Why the government must stop meddling in the property market

The government has come up with plenty of wheezes for making homes affordable. It’s time to try the radical alternative, says Matthew Lynn – just leave things alone, step back and watch the improvement.

Rishi Sunak has a new wheeze for making homes affordable again. On Monday, the government launched a new guaranteed mortgage scheme. Anyone borrowing up to £600,000 will be able to get a 95% loan, with the state backing a slice of that to allow banks and building societies to increase the amount they lend without having to worry about defaults.

In fairness, it’s not a completely crazy idea. Raising the deposit for the first property is often the hardest task for anyone getting on the property ladder, especially if they don’t have any help from their parents. If they only have to save 5%, then with £15,000 they can purchase a £300,000 home. Once that is completed, it will get a lot easier to buy the next one. With interest rates so low, and unemployment under control, it is unlikely to end up costing the government much: a guarantee only matters if people start to default, and there is not much sign of that happening. But there’s a problem.  

Pouring petrol on a housing boom

Prices are already very frothy. According to Rightmove, the average asking price for a home in the UK has risen to an all-time high of £327,000. It has risen by 2.1%, or £6,700, in the last month alone. Just as significantly, the number of homes on the market has dropped to a two-year low, while a quarter of properties are selling within one week of coming onto the market. In other words, the market is pumped up, boosted by a resilient economy, breaks on stamp duty, low interest rates and lots of cheap fixed-rate mortgage deals. It is not the time to be throwing subsidised money at the market. It is just going to create a bubble.

Perhaps more importantly, the entire property market is in a state of rapid flux. The Covid-19 crisis has accelerated changes to the way we use space by a decade or more. In January, the percentage of shopping done online hit 36%, double what it had been a year earlier. That may fall back a little as lockdown is eased, but retailing is not likely to return in anything like the same form.

The government is already relaxing planning restrictions so that many former high streets can be turned into a mixture of leisure and residential space, with the result that a lot more apartments are going to become available as old shops get converted. It may not be long before the retail parks go the same way. We may not like the idea of living in a B&Q shed right now, but a generation ago we would have said the same thing about a warehouse along the Thames: apartments in what were once industrial buildings now change hands at £1m a time.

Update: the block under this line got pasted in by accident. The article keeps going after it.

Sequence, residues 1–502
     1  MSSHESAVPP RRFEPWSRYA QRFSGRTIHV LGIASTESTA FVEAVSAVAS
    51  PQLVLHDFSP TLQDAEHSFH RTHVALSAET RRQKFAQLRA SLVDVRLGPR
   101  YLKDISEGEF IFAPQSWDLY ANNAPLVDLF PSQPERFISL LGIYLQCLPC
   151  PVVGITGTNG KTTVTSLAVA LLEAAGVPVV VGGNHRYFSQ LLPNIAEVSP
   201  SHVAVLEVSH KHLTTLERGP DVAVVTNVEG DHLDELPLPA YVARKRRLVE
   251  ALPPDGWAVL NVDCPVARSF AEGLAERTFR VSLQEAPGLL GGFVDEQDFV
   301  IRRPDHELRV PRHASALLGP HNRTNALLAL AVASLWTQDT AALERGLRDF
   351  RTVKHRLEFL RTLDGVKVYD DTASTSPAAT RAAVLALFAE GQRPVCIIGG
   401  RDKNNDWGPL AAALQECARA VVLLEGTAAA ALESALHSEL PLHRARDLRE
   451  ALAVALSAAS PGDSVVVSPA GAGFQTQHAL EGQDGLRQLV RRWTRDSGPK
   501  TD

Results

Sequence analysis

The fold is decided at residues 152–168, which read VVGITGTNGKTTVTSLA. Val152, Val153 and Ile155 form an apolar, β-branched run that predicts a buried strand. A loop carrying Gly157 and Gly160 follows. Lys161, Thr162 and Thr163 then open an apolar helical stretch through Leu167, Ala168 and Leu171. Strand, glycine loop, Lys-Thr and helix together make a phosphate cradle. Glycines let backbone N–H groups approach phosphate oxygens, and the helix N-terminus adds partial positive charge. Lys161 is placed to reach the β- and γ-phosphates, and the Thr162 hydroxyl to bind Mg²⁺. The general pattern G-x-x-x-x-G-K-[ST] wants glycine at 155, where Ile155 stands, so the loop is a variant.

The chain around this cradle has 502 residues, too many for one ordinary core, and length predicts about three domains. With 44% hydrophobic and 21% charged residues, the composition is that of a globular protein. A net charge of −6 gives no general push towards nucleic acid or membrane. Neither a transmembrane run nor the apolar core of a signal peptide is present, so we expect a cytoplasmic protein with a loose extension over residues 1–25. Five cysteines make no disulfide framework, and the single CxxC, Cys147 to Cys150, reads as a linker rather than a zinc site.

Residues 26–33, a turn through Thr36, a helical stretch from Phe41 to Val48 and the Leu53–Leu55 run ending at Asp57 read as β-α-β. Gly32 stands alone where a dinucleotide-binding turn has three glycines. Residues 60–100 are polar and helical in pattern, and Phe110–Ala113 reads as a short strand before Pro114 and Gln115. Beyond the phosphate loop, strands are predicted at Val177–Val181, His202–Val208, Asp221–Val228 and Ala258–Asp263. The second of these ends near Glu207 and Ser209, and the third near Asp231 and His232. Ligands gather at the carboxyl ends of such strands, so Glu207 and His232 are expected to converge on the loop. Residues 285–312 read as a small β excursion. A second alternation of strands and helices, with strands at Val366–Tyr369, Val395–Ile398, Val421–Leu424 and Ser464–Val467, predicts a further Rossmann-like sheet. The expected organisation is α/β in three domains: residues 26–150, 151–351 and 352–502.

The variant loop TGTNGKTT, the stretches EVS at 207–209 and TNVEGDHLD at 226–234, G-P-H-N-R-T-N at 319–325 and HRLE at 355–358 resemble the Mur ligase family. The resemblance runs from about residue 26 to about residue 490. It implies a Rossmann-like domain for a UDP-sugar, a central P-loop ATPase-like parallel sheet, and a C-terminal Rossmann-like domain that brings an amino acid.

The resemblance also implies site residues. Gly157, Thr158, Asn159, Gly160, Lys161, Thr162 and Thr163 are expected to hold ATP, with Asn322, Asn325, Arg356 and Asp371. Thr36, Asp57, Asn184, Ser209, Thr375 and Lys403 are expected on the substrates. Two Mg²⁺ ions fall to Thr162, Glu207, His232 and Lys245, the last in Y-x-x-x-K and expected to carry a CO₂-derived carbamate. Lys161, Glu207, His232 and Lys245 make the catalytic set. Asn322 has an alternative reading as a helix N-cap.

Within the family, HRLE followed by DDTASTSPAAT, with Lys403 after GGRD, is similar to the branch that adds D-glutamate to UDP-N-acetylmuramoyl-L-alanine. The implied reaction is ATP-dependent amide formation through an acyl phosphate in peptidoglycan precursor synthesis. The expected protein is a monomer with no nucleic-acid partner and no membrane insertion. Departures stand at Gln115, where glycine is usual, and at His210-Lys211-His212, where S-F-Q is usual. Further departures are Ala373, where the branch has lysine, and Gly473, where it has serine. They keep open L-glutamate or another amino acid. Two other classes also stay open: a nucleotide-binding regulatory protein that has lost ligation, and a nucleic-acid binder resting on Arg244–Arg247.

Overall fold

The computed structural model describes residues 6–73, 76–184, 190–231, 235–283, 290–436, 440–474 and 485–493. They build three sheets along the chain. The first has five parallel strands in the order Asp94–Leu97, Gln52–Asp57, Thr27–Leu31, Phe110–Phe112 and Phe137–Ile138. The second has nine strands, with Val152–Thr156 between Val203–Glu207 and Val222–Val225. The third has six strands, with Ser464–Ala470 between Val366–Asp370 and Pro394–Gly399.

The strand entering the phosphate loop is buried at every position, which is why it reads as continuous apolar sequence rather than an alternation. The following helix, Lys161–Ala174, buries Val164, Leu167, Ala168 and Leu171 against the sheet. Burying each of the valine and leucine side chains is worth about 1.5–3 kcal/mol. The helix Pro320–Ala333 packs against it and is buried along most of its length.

Lots of skyscrapers are suddenly going to be half-empty, too – Canary Wharf is already looking to switch one planned office block into apartments instead, and is working out how to turn a place where people just work into somewhere they live and have fun too. Other landlords and property companies will be reaching the same conclusion. 

There is nothing wrong with that. For years, the UK has not built enough new homes, and the ones we have built are not as big as they should be (and if everyone is working from home two or three days a week they will need more space). We may finally be about to see a vast new amount of residential space coming onto the market as shops and offices get converted, and that will change the market completely, and in ways that no one can predict right now. 

A bewildering merry-go-round

The government needs to let these trends work themselves out. Chancellors have been coming up with schemes for housing for 30 years. Stamp duty has gone up, then down again. Help-to-buy wheezes have been and gone. Landlords have been helped with tax breaks, then whacked over the head. Mortgages have been subsidised, punished, controlled, and then liberalised all over again. It has been a bewildering merry-go-round, none of which appears to have done much good. Right now, the market is already booming, and the way we use the land and buildings available to us is changing very quickly. The government should try something genuinely radical – leaving the market alone, and seeing if it can improve all by itself. 

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